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Discussion Starter · #1 ·
spouse will not listen to reason. :roll:

Spouse thinks the sprayed on wax at the quicky car wash is comparable to the rub/buff on stuff for protection, finish longevity etc.

I, on the other hand, am certain the better liquid waxes are superior to the quicky wash wax. 8) There's an 05 Salsa's finish at stake.

What's the truth. Click and Clack will not take my calls anymore. :wink:
 
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Well, you know what we're going to say, don't you? :D Personally, I think the spray-on stuff is pretty worthless, but I'm no expert. Why not seek your answer on one of the many boards devoted to detailing autos, where a lot of people who really know their stuff can give you more definitive information? I know there are quite a few of them, but here's one for starters: http://www.detailcity.com

Joe
 

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"Spouse thinks the sprayed on wax at the quicky car wash is comparable to the rub/buff on stuff for protection, finish longevity etc.
I, on the other hand, am certain the better liquid waxes are superior to the quicky wash wax. There's an 05 Salsa's finish at stake.
What's the truth."

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The "spray on" wax used by car washes is 90% useless. Especially if your car is not garaged. Like your skin, direct sunshine is the most damaging element to a painted surface. Since there is no way to duplicate the effects of TIME & CLIMATE on your car's finish..(except in a lab) it's difficult to provide you (or your wife) with a conclusive answer.
Take a car with a dull (oxidized) finish and run it through a spray wax wash. Will it come out all shiney and shedding (beading) water..? Not likely.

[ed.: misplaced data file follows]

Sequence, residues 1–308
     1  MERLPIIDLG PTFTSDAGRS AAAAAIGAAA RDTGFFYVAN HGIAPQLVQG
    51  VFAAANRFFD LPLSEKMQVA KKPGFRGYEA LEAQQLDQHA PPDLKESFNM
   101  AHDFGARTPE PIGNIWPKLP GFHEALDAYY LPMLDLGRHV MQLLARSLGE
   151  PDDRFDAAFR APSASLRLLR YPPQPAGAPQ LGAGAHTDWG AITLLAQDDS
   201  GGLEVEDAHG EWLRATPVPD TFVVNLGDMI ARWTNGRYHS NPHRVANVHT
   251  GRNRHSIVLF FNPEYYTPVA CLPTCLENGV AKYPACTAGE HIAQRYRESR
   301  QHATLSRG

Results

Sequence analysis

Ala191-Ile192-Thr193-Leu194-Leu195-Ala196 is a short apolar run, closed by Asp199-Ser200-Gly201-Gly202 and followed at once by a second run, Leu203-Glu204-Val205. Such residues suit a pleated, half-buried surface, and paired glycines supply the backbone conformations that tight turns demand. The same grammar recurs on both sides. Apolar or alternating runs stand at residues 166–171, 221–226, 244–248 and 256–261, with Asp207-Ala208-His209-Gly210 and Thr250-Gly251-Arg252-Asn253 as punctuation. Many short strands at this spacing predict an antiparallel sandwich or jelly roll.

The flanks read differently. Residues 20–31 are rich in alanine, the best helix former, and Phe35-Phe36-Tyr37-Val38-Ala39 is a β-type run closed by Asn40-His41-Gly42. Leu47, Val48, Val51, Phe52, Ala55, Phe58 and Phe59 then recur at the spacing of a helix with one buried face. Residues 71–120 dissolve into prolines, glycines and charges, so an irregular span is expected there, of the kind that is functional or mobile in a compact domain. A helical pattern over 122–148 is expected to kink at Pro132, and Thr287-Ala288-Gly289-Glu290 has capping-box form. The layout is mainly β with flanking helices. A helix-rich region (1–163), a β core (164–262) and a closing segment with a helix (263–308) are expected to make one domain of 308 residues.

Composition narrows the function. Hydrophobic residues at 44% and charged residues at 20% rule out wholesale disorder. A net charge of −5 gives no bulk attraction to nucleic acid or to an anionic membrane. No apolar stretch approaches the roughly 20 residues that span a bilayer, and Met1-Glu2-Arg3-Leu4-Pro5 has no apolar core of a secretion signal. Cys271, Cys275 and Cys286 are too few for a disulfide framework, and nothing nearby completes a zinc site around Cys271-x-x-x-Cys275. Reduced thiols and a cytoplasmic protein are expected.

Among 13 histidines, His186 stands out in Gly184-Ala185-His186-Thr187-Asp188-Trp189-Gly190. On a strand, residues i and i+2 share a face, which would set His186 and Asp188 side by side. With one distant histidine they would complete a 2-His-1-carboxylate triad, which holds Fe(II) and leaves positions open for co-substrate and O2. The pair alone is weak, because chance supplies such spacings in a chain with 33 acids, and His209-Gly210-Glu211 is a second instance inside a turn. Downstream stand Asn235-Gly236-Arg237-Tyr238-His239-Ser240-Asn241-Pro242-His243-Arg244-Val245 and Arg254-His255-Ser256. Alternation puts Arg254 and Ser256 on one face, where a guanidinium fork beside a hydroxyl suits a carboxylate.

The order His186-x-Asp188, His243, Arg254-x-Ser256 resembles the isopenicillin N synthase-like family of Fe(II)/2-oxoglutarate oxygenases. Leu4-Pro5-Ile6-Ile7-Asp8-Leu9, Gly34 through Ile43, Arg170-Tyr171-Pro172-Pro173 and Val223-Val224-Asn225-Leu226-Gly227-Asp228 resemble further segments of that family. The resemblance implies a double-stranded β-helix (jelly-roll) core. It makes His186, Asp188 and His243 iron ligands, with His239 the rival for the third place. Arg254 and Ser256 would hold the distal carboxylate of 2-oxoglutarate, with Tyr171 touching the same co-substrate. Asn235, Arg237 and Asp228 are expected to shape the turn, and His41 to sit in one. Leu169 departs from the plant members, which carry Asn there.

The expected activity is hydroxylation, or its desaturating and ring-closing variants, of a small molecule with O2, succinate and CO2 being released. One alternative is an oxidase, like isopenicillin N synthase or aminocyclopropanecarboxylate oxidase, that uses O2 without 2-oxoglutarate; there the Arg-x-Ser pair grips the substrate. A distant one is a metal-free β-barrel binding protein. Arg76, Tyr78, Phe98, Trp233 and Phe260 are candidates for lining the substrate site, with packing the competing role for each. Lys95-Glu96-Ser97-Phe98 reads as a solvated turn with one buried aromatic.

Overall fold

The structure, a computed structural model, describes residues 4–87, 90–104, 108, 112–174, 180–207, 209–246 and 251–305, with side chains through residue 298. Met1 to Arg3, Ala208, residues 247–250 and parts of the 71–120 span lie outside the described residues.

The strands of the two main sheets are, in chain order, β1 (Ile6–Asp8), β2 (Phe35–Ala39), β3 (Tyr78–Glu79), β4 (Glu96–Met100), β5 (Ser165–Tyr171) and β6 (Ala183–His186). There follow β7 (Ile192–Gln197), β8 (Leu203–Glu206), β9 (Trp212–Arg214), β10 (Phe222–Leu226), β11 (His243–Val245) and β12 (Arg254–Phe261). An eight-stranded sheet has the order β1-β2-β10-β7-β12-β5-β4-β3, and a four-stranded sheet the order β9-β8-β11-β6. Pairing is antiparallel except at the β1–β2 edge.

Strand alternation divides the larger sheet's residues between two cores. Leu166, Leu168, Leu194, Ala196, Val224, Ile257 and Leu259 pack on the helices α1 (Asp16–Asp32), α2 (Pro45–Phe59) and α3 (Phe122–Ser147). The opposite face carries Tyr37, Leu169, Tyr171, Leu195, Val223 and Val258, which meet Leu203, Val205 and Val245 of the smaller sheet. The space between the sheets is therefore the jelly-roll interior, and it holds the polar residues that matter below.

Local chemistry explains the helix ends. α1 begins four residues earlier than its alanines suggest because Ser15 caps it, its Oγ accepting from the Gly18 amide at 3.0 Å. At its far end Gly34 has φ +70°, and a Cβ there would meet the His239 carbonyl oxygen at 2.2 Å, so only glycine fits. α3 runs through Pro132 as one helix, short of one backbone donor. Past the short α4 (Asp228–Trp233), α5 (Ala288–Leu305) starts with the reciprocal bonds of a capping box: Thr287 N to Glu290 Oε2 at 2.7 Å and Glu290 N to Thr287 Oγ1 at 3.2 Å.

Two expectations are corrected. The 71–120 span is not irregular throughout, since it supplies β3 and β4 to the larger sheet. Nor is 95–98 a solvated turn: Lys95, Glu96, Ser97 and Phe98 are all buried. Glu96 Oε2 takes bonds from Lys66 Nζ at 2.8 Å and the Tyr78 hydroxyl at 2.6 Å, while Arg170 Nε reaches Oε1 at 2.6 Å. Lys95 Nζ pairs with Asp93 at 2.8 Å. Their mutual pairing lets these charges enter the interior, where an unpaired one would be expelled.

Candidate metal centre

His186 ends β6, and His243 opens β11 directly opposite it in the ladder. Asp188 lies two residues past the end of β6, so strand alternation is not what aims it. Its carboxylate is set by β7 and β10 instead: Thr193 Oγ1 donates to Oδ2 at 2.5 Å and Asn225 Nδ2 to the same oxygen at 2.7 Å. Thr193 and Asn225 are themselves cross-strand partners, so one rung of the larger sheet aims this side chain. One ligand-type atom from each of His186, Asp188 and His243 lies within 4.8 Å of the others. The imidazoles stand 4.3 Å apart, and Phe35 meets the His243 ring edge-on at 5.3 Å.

It's just another case of, "You get what you pay for." Hand waxing a car is a labor of love. If you don't have the time or inclination.. pay someone to do it.
 

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Hmm, it brings up the age old question... Would you rather be right or happy?
 

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"We've got clearcoat! Why bother waxing?"
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Clearcoat is still "paint" and is subject to weathering and some stains. If you're looking to keep that show room shine, use a GOOD polish + wax once a year.
 

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I prefer Meguiar's Gold Class, or Meguiar's nxt generation Tech Wax. Both of these are pastes, go on easy and wipe off easy and give long lasting protection. Yes, they are expensive, but you get what you pay for.
 

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melgish said:
Hmm, it brings up the age old question... Would you rather be right or happy?
I'd rather be left and happy. Being right just seems to make people angry and mean.
 

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JDavies said:
"We've got clearcoat! Why bother waxing?"
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Clearcoat is still "paint" and is subject to weathering and some stains. If you're looking to keep that show room shine, use a GOOD polish + wax once a year.
Clearcoat is a UV-resistant hard polymer. Polish just slowly scrapes it off.

I volunteer to run an experiment. No more waxing for me. I'll post pictures of the results over time.
 

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'Clearcoat is a UV-resistant hard polymer. "

Partially correct. Uv-resistent not equal to UV-proof. Over time depends on quality of the clear coat, it can get dull/whitish, even peel back/seperate from the paint entirely.
 

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You'll have to wash your car a lot more. Rain and even morning dew is highly acidic. And you have to be careful to keep lime and scale from building up as these don't come off as easy as with wax. Without wax, things like tar, tree sap, road oils stick and accumulate better.
 

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drash said:
You'll have to wash your car a lot more. Rain and even morning dew is highly acidic. And you have to be careful to keep lime and scale from building up as these don't come off as easy as with wax. Without wax, things like tar, tree sap, road oils stick and accumulate better.
The beauty of Mr. Clean Autodry is that the soap leaves a slippery film and the final rinse is demineralized. Dirt comes right off at the next wash, the car always looks waxed, and there are no swirls. It works so well that I actually enjoy washing it.
 
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